They recognize their responsibility to the public because of this trust and because entertainment and art are important influences in the life of a nation.

Hence, though regarding motion pictures primarily as entertainment without any explicit purpose of teaching or propaganda, they know that the motion picture within its own field of entertainment may be directly responsible for spiritual or moral progress, for higher types of social life, and for much correct thinking.

During the rapid transition from silent to talking pictures they have realized the necessity and the opportunity of subscribing to a Code to govern the production of talking pictures and of re-acknowledging this responsibility. On their part, they ask from the public and from public leaders a sympathetic understanding of their purposes and problems and a spirit of cooperation that will allow them the freedom and opportunity necessary to bring the motion picture to a still higher level of wholesome entertainment for all the people.3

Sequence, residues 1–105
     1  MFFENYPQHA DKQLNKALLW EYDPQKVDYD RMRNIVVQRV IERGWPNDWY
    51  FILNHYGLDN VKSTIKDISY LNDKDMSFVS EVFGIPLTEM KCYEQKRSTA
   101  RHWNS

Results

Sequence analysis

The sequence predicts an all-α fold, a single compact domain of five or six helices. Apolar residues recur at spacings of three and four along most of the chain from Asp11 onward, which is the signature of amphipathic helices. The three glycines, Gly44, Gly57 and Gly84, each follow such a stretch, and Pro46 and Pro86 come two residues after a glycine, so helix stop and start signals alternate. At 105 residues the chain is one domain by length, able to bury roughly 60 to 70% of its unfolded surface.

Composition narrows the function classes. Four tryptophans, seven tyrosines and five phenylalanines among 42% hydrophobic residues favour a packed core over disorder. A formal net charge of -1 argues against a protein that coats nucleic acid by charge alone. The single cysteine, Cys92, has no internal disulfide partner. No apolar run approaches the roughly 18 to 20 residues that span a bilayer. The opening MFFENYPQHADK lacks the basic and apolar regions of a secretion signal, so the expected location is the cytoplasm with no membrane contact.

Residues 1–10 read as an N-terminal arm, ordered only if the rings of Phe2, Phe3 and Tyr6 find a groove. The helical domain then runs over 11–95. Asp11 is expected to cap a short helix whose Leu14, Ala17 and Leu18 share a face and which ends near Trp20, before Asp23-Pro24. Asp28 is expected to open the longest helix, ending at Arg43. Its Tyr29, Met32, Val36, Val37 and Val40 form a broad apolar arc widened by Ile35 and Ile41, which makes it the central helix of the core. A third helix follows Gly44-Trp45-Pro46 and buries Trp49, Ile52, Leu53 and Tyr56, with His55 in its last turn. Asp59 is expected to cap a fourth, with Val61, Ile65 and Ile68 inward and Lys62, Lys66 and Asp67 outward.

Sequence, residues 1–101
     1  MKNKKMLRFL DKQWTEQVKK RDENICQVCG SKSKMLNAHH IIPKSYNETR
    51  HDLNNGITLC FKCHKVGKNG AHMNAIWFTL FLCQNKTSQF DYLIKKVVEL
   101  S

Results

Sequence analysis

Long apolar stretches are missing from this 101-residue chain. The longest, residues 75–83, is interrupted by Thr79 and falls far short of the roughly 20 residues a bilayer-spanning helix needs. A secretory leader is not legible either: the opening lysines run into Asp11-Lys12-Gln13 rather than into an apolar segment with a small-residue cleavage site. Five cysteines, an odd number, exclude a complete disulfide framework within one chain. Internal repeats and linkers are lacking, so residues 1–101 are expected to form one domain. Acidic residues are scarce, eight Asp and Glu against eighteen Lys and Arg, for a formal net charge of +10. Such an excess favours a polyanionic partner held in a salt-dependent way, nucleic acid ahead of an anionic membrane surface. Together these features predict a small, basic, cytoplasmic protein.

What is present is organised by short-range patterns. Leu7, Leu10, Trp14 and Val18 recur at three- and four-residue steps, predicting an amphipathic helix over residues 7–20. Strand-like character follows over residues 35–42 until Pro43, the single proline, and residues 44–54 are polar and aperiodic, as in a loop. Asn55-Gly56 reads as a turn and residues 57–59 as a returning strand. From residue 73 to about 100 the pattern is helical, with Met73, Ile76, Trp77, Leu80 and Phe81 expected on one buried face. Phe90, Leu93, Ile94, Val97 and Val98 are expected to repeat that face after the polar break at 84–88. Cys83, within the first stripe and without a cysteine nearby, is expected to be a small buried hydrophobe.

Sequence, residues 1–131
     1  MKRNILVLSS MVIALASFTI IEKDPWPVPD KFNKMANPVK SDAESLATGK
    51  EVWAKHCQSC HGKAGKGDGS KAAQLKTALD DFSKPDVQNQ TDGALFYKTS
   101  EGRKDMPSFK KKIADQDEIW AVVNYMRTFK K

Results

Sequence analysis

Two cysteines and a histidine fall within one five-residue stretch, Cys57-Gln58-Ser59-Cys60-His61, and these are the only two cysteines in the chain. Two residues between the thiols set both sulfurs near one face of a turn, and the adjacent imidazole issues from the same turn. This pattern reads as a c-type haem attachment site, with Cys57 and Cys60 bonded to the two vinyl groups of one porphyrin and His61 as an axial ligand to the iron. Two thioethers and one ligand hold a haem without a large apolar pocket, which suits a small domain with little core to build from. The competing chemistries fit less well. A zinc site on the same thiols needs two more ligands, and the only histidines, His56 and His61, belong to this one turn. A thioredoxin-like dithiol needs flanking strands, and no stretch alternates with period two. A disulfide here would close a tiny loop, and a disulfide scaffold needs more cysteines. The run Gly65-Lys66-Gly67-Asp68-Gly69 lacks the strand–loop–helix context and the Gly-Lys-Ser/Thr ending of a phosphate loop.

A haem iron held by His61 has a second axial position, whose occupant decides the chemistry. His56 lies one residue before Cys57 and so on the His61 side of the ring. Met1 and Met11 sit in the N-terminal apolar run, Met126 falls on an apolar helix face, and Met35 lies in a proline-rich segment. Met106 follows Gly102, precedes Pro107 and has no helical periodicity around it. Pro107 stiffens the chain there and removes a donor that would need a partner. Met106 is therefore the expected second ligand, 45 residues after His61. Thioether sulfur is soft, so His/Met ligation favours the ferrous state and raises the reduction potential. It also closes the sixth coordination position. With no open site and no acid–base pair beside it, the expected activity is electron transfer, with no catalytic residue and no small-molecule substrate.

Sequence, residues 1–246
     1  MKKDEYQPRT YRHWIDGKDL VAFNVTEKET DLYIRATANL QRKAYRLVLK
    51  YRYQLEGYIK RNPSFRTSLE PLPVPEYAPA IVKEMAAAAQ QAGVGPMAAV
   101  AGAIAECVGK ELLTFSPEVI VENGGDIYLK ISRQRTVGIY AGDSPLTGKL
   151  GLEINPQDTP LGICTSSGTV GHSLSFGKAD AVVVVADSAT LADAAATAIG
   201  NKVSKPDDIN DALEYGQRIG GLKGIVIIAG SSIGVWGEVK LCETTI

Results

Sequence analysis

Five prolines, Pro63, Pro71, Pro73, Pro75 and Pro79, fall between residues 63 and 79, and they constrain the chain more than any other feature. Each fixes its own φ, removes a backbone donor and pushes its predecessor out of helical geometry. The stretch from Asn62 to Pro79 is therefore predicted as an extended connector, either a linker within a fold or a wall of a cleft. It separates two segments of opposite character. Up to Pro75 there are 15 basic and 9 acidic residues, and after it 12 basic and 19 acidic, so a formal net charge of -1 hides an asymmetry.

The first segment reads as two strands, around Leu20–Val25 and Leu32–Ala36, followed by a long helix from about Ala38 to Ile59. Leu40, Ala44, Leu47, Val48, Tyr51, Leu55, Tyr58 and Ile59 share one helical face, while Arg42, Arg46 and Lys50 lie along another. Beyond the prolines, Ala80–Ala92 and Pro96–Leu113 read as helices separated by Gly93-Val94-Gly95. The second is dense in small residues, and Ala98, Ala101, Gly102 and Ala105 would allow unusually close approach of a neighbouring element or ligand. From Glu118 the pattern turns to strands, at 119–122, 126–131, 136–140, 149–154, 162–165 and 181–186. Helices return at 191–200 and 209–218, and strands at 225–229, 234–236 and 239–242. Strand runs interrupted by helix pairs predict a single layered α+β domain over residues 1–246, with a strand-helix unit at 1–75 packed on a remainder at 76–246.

10030265_1Our professor said that the Hays Code was a response to Jean Harlow.  I just watched her in The Red-Headed Woman.  This from Wikipedia (emphasis mine):

During the course of the film, Harlow breaks up a marriage, has multiple affairs and pre-marital sex, and attempts to kill a man…

The film proved difficult from its inception. Producer Irving Thalberg was concerned that the original story [novel by Katherine Brush] and the first draft of a script by F. Scott Fitzgerald were too serious, and offered the job of rewriting it to Anita Loos, instructing her to provide something that was more fun and playful and with a greater emphasis on comedy.